All elements of the base MFM and its valuation should be open to examination. Clearly this requires discourse. Although not absolute,26
the power to value the MFM has moved more and more towards the patient. This is because the objective of the doctor–patient relationship is to promote the patient's welfare, and respect for patient autonomy is a powerful and effective way to achieve this goal. This accords with general medical professional values.27
As between doctor and patient in English law, only if both valuations agree that there is likely to be net benefit gain can the defined intervention be delivered.22,26,28,29
This power to value can be usurped by the doctor in two ways. Firstly, this can arise if the doctors exercise their power over the assessment of linking probabilities to adjust down the probability of reaching a particular positive outcome and adjust up the probability of reaching a particular negative outcome. Such recalculations have the effect of moving the power of decision towards the doctor. If the doctor makes the judgement that the material linking probability is not alterable by a defined intervention, then even if the patients make their valuation of the relevant material outcome state infinite the doctor can refuse treatment on the grounds of goal futility. This translation of value futility to goal futility amounts to a shift in power over determining the choice of treatment.
The second way in which the power to value can be usurped is by the doctor deploying personal values under the guise of general professional values. Although personal values may give grounds for conscientious objection, I would submit that they should not be deployed in valuation of the MFM for the purposes of determining the likely net gain in benefit. The problem here is that it is difficult to detect such covert deployment of personal values and that general professional values are often less than clear and explicit when applied to particular medical situations.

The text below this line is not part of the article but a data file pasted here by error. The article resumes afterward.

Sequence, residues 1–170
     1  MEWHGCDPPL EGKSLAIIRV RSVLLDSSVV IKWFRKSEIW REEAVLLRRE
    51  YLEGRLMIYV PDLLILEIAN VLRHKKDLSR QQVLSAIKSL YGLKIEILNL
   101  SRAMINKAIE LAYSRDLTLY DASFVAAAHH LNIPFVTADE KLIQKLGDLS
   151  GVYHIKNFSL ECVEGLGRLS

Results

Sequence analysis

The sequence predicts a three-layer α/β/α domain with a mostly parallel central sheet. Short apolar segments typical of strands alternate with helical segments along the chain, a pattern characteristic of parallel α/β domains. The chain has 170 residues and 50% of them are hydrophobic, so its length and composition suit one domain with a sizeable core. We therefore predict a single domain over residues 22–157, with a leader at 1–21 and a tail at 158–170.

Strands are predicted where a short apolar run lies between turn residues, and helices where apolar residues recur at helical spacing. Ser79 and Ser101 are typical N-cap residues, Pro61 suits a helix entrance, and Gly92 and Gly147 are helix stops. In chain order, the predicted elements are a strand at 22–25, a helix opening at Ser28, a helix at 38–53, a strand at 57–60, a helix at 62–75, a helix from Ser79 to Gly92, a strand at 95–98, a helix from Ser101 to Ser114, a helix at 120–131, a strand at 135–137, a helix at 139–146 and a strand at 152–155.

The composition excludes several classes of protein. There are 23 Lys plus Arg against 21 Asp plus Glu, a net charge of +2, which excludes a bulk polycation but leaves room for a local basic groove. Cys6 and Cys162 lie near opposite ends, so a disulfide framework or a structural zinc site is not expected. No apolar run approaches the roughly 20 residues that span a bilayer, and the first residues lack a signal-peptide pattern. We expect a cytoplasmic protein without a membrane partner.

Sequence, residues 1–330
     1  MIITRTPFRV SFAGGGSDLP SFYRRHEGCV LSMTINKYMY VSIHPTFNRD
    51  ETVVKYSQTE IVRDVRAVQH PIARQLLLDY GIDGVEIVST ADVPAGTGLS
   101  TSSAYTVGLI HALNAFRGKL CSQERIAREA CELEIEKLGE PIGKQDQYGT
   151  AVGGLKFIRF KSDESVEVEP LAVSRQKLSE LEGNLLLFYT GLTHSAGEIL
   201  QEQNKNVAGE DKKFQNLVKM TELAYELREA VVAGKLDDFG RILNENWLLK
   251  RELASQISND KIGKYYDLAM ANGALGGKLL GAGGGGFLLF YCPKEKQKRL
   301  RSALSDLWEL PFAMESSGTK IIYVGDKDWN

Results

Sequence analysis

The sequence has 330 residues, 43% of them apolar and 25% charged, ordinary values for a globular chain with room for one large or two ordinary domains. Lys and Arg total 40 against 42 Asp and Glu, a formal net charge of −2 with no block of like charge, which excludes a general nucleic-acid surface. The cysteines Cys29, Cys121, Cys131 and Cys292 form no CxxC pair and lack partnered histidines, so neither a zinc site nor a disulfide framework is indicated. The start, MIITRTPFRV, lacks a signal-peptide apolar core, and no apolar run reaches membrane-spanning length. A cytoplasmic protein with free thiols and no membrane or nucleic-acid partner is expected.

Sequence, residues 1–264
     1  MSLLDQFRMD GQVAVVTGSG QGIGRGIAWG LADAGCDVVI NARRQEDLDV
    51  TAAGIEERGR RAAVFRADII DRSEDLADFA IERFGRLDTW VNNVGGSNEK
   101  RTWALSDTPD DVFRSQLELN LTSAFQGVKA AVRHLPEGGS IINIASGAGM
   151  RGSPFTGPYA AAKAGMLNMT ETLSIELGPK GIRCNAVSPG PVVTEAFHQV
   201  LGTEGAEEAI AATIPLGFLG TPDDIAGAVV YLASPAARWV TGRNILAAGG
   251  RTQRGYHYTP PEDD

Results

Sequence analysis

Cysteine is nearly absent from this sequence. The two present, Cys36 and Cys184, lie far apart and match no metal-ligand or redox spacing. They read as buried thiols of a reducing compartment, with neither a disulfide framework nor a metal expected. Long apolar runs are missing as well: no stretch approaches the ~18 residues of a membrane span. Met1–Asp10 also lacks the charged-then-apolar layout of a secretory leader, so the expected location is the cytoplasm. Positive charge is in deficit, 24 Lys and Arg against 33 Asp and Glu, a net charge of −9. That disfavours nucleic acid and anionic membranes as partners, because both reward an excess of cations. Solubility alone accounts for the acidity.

A conflict could also arise where there is a dispute over the choice of the defined goal of treatment. This may arise where, for example, a doctor has usurped the power to value the MFM. In this case, a patient striving to regain power over the final decision may seek to redefine the defined goal of treatment. For example, in Spritz's case mentioned earlier, if the doctor had not agreed to the defined goal of treatment, such a conflict could have arisen. Interestingly, we can see here how the concept of physiological futility remains vulnerable to the charge of being value loaded precisely because it claims control over the definition of the defined goal of treatment, where this can be disputed.6,30
Other options are available to the patient. One is to place infinite value on the fact of intervention alone. This effectively translates the defined goal of treatment from the achievement of a particular outcome state into mere delivery of the defined intervention. This effectively removes the linking probabilities from the equation and disempowers the doctor. This is the “it will make me feel much better just knowing you will try” argument. Another option is to try and re‐evaluate the linking probabilities. This can be via a second medical opinion or through personal research. This approach is particularly effective when the degree of uncertainty surrounding the linking probabilities is great.
This analysis shows a fine balance of power at the heart of the doctor–patient relationship in relation to questions of futility. If we regard medicine as a mutually cooperative exercise with the aim of objectively benefiting patients, then this may not be a bad thing. Given this fine balance, conflicts will almost inevitably arise on occasion.1
Methods of conflict resolution lie beyond the scope of this paper,31
but the point here is that use of the MFM allows a clearer analysis of the actual situation and may allow a route through the minefield to be identified. The requirement to agree on the defined goal of treatment before making a declaration of futility should force doctors to deal with this heretofore hidden issue of value. If accepted into clinical practice, this should reduce both the giving of unnecessary treatments and the risk of substantive conflicts arising.
A role for third‐party ethical input at this level32
exists, and perhaps a method should be developed to generate valuation sets that are more useful to practising clinicians (eg, case‐based reasoning). The benefit for doctors is that such third‐party input can assure appropriate deployment of values, improve transparency of decision making and buttress the public perception of physician integrity.